Is Going Green Too Expensive for Most People?

I was watching an episode of the reality television show Greensburg on the Planet Green channel where they were talking to an old ex-Marine, who declared, All this green stuff is bull! Green construction is for rich people, he said; it's too expensive for average folks. Greensburg, Kan., is the town that was wiped out by an EF5 tornado in May 2007. We had the pleasure of visiting Greensburg in August

I was watching an episode of the reality television show Greensburg on the Planet Green channel where they were talking to an old ex-Marine, who declared, “All this green stuff is bull!” Green construction is for rich people, he said; it's too expensive for average folks.

Greensburg, Kan., is the town that was wiped out by an EF5 tornado in May 2007. We had the pleasure of visiting Greensburg in August and talking to town officials, homeowners and business owners about the town's goal of rebuilding itself as the greenest city in America (Greensburg Working to be Greenest Town in America).

Money is an issue in Greensburg not just for building green but rebuilding at all. Rebuilding from scratch will cost double or triple the value of the houses that once stood in Greensburg, so the payouts from homeowners' insurance cover only a fraction of the cost.

Then there are two news items that I've come across that bear conflicting information about whether green is for the rich or the rest of us.

Fireman's Fund Insurance Co., which launched the first green homeowners insurance in the U.S. this summer, has found that high-end homeowners favor “green” homes.

The survey revealed that affluent individuals are most interested in replacing heating, cooling and electricity systems, appliances, roofing and flooring with green materials. The same respondents had a high familiarity with water-conserving plumbing and automatic control systems.

On the other side of the debate, the Research Institute for Cooking & Kitchen Intelligence's (RICKI) latest research study, Remodelers 360, a survey of nearly 9,500 American consumers, examined kitchen remodeling experiences and attitudes.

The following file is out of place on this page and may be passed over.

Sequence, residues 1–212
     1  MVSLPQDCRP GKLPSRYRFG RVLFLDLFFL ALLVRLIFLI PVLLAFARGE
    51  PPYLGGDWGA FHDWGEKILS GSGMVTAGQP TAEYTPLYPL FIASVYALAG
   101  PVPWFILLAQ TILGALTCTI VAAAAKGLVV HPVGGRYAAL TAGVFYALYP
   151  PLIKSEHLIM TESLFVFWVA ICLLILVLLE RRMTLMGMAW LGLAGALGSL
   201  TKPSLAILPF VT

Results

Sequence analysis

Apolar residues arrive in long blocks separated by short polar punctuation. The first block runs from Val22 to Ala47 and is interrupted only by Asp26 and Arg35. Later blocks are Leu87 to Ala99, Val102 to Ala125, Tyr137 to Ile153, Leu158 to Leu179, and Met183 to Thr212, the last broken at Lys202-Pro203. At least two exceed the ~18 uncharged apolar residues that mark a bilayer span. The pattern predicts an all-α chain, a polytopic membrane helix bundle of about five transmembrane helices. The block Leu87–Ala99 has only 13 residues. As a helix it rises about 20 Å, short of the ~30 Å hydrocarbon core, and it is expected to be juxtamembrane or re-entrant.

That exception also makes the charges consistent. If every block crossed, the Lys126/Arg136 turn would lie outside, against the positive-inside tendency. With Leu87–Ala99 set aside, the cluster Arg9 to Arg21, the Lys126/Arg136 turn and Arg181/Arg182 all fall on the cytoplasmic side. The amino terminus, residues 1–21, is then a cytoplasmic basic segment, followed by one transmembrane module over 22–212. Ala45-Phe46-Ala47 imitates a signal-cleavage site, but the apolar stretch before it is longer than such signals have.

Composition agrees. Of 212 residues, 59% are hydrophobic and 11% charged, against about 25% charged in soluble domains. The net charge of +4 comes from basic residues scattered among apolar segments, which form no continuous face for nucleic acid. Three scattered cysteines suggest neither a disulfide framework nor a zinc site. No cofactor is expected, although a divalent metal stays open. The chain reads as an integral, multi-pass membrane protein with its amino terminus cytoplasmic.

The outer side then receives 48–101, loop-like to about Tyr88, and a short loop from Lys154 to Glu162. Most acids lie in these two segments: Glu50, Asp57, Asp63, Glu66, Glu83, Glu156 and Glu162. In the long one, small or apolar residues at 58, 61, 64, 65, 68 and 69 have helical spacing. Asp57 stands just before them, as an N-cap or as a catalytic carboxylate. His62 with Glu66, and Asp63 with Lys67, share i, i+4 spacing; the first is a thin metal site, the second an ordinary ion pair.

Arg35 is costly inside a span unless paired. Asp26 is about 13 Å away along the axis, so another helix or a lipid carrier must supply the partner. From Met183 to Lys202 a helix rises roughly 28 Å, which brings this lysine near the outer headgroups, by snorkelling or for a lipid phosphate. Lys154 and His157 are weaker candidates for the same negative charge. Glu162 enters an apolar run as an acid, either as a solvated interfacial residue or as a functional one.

“As we've found in our research over the years, price, design and other factors take priority over environmental issues,” according to Brenda Bryan, executive director of RICKI. But wait.

“When slicing and dicing the data, one finding that surprised me and may seem counterintuitive to some is that lower-income respondents are more likely than their wealthier counterparts to have considered the environmental impact of their purchases for their kitchen remodel,” says Bryan.

This is not a new issue. Contractors have been saying for years now that you can't get homeowners to replace their water heaters, furnaces or boilers, no matter how inefficient, if it means spending money to replace an appliance that's still working.

One of the best way to overcome this is the method described by CONTRACTOR plumbing columnist Dave Yates. In both his column in the last two issues (Getting Your Walk Away Money, Part 2) and in his seminar Shades of Green presented at the RPA's recent Radiant Expo, Dave explains how to sell to homeowners based on return on investment not payback.

Here's Dave's sales approach. His customer has an 81.4% efficient boiler with a domestic water coil. The oil company wants $450 a month for a “budget” figure plus $300 to lock in the rate. Dave proposes a properly sized boiler with outdoor reset and sealed combustion that heats domestic water on demand only. Even for $4,000 more, a 92% efficient boiler will save an extra $2,000 over five years, making it a better deal that putting the money into a 60-month certificate of deposit. If the homeowner has to borrow the money, the 30% fuel savings and the tax write-off of the home equity loan make the high-efficiency equipment a better deal.

Note that Dave is insisting on sealed combustion. Every 10 Btu of gas combustion requires a cubic foot of air, he notes, and heating that air adds up. Dave has the numbers for heating infiltration air for both gas and oil.

Dave notes that the initial jump of about four grand to install equipment with AFUEs in the mid-90% range sounds frightening - until he shows the homeowners the ROI numbers.

If the price of high efficiency equipment is scary, the price of fuel will be scarier. Yates notes the electricity deregulation is predicted to raise electric rates 81% in his home state of Pennsylvania. Natural gas? Up 11% this winter, according to the federal Energy Information Administration. LP gas? $3.50 per gallon. Back in Greensburg, Mayor Bob Dixson wants a community wind farm to protect residents from the price of deregulated electricity.

Instead of asking if can we afford green construction, the question may become can we afford not to?